Taiwan Legislators Praise Fang Lizhi for Human Rights Work

April 18, 2012 Updated: October 1, 2015
Epoch Times Photo
Fang Lizhi, pictured before his death on April 6. (The Epoch Times)

TAIPEI, Taiwan—Taiwan legislator Lin Shih-Chia, on April 13 expressed sorrow over the death of Fang Lizhi, the renowned physicist and human rights activist. Chia called Fang the spiritual leader of the Tiananmen Square student movement. 

Liu Te-Shun, deputy chair of Taiwan’s Mainland Affairs Council also said “his passing is a loss for the human rights community.” Liao Fort Fu-Te, vice president of the Taiwan Association for Human Rights, said, “Fang Lizhi was a scientist and a genuine practitioner for the development of human rights, worthy of respect.”

Lin said that the ideas of freedom and democracy Fang supported are an unstoppable world trend. Mainland China should work towards a free and democratic society and people in Taiwan should support such progress for China. 

Lin said she hoped to hold a formal hearing on the recent merger of the broadband company owned by the pro-China wealthy Taiwanese businessman Tsai Eng-Meng and the cable system operator CNS. She criticized the “inappropriate comment” Tsai made in an interview by the Washington Post. Tsai expressed doubt about the number of people who died in the Tiananmen Square massacre in 1989. Lin said the National Communications Commission (NCC) should ask Tsai to come to the hearing and explain himself and resolve public concern.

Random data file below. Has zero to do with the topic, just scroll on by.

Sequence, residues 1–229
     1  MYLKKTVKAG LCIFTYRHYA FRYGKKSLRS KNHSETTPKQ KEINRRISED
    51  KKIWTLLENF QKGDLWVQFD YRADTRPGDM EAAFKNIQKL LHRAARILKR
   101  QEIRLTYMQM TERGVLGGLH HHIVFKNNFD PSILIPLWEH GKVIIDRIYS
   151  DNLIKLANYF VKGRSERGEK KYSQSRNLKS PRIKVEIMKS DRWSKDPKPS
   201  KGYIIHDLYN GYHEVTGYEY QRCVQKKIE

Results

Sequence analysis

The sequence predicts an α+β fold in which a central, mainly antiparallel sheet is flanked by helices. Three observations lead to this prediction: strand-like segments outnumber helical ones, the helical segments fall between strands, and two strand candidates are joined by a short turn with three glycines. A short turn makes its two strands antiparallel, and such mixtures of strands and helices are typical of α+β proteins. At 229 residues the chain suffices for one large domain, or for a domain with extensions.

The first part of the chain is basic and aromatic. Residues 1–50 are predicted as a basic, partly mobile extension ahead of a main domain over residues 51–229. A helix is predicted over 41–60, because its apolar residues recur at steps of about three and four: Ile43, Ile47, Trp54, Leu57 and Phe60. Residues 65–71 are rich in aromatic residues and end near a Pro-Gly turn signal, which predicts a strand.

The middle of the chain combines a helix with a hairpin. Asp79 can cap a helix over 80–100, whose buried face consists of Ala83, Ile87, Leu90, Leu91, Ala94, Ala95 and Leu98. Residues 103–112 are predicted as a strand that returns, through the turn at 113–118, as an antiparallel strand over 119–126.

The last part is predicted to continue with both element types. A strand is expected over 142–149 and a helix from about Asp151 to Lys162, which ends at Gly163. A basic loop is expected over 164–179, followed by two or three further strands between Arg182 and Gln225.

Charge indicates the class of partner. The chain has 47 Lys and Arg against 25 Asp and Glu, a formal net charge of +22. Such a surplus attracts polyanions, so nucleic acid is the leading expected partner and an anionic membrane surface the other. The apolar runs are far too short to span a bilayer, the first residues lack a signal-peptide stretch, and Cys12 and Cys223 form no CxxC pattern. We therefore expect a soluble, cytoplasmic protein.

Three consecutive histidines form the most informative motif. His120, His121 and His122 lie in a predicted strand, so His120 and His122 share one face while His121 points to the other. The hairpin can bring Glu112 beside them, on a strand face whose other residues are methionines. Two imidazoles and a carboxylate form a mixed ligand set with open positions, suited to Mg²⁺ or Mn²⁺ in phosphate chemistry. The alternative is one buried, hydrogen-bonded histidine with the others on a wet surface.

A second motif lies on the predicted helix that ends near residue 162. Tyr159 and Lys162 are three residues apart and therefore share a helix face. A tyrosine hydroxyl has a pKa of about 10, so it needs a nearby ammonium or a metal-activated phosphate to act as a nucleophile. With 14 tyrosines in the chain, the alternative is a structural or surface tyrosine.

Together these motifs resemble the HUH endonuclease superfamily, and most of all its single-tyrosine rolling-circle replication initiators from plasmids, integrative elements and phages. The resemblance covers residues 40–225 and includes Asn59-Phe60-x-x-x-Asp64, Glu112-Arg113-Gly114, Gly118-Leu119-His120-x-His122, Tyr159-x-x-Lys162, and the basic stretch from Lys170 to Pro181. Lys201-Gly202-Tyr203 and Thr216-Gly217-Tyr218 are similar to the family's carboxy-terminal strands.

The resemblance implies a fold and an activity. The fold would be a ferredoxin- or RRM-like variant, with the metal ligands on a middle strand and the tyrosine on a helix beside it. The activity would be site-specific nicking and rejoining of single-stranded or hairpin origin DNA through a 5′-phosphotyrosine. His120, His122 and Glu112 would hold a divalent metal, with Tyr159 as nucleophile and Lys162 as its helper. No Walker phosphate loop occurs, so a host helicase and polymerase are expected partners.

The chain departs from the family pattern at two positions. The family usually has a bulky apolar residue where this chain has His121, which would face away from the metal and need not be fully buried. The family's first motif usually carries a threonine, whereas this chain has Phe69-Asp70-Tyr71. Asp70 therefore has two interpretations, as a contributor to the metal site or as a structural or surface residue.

Liao Fort Fu-Te said that the democracy movement in China is still in progress and Fang played a very important role in the struggle for democracy. After the Tiananmen Square massacre, the China-US relationship was strained. America chose to utilize special channels to protect Fang and offered him political asylum, because he symbolized democracy and human rights. Liao said he thought China should honestly examine the massacre.

Xu Sijian, assistant researcher at the Institute of Political Science, Academia Sinica said the communist regime in China may think it does not need to face up to the massacre now that Fang is gone. That thought is wrong, he said, adding that history cannot be rewritten even after the people who were involved are no longer around. 

Fang Lizhi, the former Vice Chancellor of the University of Science and Technology in China, lived in exile in the United States after his involvement in the 1989 people’s democracy movement. In America, he served as the co-chair of the Chinese Human Rights Council. He passed away on April 6 in Arizona at the age of 76. Mainland China initially blocked the news of his death. Later, state-run media published editorials criticizing Fang.

Read the original Chinese article